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All is done now, the final ball kicked and the whistle long blown. What can I say? Fairy tales are rare enough in life—what chance the fantastic and outright miraculous repeating itself in the Champions League?
In a reverse of the“Miracle of Istanbul” of 2005—a come from behind football victory so preposterous it could only have been scripted in heaven—and this scribe certainly wrote it so (Formality Warped into an Epic), Liverpool made all of the running against AC Milan in Athens today, had all of the chances and most of the possession. They played with heart and with passion, and fully deserved to have won. But sadly, it wasn’t to be so.
The resolute but barely deserving Italians, in a fashion similar to last year’s World Cup, made the best of only a handful of chances, scoring twice against the run of play. Whatever the scorecard might say, money, corruption and negativity were at the final whistle, winners on the day.
While admittedly Milan scored one worthy goal—the other a hand ball if not offside as far as this red-hearted, red-eyed fan is concerned, it is controversial that the champions elect were even in the title race. Convicted of match fixing and corruption last season, they were initially barred from participation, a punishment only overturned on appeal. Money and power so often talk louder than justice it does seem; miracles were always against the run of this particular play.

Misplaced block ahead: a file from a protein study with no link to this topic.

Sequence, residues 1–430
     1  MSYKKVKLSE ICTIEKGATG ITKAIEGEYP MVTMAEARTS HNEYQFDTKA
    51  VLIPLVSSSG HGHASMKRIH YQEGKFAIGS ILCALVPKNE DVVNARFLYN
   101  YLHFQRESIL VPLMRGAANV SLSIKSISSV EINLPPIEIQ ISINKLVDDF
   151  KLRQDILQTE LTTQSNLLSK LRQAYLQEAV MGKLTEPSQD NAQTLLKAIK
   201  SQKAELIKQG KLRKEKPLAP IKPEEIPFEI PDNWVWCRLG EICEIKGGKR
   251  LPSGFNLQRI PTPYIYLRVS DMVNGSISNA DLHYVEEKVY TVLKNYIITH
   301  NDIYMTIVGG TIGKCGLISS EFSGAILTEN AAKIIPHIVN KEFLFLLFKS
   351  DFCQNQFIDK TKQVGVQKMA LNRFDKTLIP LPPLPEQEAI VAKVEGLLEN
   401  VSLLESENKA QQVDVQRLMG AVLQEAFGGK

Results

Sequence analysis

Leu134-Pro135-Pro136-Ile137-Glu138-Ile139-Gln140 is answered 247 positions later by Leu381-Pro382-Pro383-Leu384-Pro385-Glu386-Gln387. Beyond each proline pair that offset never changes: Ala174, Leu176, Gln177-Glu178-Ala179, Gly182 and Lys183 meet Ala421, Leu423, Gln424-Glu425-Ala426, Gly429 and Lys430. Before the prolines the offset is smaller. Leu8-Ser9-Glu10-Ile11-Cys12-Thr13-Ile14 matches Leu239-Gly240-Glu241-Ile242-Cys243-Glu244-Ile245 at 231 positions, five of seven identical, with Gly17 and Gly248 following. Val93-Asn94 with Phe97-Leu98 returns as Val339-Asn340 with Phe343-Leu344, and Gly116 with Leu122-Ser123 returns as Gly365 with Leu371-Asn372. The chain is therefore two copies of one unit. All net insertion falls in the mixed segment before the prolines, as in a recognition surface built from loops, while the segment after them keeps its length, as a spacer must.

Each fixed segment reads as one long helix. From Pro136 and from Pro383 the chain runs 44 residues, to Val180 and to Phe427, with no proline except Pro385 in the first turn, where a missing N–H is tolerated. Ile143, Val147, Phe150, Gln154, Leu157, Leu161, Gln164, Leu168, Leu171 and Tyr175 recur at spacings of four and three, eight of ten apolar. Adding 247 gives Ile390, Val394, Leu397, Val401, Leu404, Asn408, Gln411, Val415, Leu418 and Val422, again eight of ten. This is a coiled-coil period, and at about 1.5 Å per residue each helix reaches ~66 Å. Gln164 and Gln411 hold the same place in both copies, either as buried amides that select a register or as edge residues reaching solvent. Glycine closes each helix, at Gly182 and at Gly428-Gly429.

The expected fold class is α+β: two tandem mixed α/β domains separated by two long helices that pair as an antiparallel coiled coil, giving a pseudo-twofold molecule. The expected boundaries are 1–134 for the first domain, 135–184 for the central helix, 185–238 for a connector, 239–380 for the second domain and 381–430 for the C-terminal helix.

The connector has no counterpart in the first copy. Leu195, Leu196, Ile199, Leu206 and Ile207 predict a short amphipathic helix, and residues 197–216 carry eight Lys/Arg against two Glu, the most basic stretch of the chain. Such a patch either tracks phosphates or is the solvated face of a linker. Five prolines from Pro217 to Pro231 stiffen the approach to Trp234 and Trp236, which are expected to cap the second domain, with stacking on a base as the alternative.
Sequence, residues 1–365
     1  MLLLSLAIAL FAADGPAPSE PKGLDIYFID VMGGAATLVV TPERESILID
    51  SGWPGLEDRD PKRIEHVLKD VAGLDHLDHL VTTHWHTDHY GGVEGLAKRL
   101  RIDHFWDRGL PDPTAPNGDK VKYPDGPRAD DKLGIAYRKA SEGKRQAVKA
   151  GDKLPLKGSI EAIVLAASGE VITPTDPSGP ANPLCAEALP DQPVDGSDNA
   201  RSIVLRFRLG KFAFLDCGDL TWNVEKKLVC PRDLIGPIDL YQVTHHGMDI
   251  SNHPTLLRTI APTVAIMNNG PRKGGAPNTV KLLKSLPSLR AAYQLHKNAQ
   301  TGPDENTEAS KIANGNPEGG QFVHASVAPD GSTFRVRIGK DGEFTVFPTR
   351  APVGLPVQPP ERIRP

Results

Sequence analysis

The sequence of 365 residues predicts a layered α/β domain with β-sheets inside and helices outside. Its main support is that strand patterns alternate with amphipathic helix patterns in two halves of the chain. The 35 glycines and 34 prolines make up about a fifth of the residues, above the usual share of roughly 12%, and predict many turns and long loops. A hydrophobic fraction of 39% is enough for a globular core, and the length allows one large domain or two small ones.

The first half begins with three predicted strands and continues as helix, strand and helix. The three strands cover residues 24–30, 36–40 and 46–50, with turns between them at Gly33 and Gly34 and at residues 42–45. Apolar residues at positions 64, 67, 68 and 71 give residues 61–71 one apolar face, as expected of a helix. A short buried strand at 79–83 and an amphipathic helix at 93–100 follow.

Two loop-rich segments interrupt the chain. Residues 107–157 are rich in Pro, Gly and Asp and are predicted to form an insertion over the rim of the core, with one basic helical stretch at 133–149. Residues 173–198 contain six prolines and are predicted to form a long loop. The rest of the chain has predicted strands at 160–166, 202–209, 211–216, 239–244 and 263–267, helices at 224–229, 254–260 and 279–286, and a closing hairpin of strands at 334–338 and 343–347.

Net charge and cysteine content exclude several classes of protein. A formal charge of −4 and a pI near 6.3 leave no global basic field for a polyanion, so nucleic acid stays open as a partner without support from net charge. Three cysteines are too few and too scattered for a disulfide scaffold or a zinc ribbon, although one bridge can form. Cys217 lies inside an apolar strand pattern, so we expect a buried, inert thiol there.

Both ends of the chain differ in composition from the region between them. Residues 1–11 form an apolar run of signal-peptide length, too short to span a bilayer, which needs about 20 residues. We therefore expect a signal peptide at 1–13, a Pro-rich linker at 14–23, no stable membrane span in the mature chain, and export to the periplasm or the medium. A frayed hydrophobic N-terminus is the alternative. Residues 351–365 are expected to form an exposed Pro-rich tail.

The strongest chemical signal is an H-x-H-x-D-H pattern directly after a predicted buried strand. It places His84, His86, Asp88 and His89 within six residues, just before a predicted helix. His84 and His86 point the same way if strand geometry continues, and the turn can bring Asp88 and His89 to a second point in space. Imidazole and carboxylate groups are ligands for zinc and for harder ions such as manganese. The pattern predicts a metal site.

Coach Rafael Benitez of Liverpool, all dignity in the face of near conspiratorial adversity, questioned the questionable long and loud; his final substitution delayed for more than four minutes, extra time cut mysteriously short, almost every close decision going against him and his players when the going got tight.
When all is said, protested and done, he can be proud of his team, however unpalatable the final result, as can the legion of red fans. Liverpool played with a stature far above their individual ability, and just for a moment, a goal in the 86th minute drawing the score back to 1-2, it seemed a glimmer of the miraculous might shine forth again.
Perhaps the problem was that Benitez, so poised in the face of a semi-final penalty shoot-out two weeks before that he appeared to be meditating—literally, like a yogi, seated in semi-lotus position as his team slotted home the winning goals—put his faith in protestations of injustice, official incompetence at best in the dying minutes, instead of concentrating on the beneficence of some hidden, inner power.
Concentration gives us victory,
But we need meditation
To maintain our victory-joy
When fear and doubt
Threaten to take it away.
Excerpt from Twenty-Seven Thousand Aspiration-Plants, Part 19.